The Impact of Brand Equity and Innovation on the Long-term Effectiveness of Promotions
2008, Journal of Marketing Research
Rebecca J. Slotegraaf, Koen Pauwels
Although managers often hope to obtain long-term benefits with temporary marketing actions, academic studies imply that their chances are slim. Extant research has implicitly assumed that the brand itself carries no influence over whether marketing promotions have the power to lift sales permanently. Using panel data for seven years from 100 brands across seven product categories, the authors employ a two-stage approach in which long-term promotional effectiveness is first estimated with persistence modeling and then these effectiveness estimates are related to brand equity and new product introductions. By examining a broad range of brands in each category, the authors find that positive sales evolution from promotional efforts is fairly common, especially for small brands. Moreover, the authors find that both permanent and cumulative sales effects from marketing promotions are greater for brands with higher equity and more product introductions, whereas brands with low equity gain greater benefits from product introductions. These results offer new research and managerial insights into the presence and conditions for persistent benefits from marketing promotions.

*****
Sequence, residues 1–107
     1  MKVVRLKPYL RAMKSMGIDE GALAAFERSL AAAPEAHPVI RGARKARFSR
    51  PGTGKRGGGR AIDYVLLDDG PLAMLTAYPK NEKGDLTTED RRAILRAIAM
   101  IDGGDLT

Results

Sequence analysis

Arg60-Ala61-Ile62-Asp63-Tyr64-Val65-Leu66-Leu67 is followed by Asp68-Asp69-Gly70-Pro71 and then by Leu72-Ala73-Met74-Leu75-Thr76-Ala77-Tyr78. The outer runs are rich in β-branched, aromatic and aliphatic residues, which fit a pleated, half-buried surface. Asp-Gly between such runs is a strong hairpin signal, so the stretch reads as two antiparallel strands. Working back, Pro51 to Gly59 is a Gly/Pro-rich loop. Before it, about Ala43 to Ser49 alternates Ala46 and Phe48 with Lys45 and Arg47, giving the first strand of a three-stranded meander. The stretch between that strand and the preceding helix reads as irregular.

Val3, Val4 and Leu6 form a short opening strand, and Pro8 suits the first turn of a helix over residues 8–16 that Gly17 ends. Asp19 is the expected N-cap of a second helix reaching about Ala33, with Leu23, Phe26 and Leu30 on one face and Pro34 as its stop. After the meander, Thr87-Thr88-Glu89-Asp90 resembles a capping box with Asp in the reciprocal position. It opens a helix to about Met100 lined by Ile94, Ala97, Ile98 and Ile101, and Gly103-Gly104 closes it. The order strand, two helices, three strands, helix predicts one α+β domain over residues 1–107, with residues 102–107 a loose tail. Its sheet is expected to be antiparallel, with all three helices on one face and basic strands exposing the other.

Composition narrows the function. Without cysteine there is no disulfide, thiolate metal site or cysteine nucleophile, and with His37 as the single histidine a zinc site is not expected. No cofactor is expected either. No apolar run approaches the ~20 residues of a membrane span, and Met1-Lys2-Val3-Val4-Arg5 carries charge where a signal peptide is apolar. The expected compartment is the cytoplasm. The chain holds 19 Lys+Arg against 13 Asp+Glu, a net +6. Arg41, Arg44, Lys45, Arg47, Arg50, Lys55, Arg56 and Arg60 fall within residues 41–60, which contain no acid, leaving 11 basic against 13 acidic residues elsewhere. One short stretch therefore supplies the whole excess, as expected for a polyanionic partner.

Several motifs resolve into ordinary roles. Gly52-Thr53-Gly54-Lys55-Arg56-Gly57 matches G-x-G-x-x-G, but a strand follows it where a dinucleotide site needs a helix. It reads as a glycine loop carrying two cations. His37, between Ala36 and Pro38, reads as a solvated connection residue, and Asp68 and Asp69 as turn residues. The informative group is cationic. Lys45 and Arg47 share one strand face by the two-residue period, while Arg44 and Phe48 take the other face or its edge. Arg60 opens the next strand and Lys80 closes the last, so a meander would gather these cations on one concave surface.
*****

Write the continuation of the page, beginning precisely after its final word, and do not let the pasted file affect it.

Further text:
Slotegraaf, Rebecca J. and Koen Pauwels (2008), "The Impact of Brand Equity and Innovation on the Long-term Effectiveness of Promotions," Journal of Marketing Research, Vol. 45, No. 3, pp. 293-306.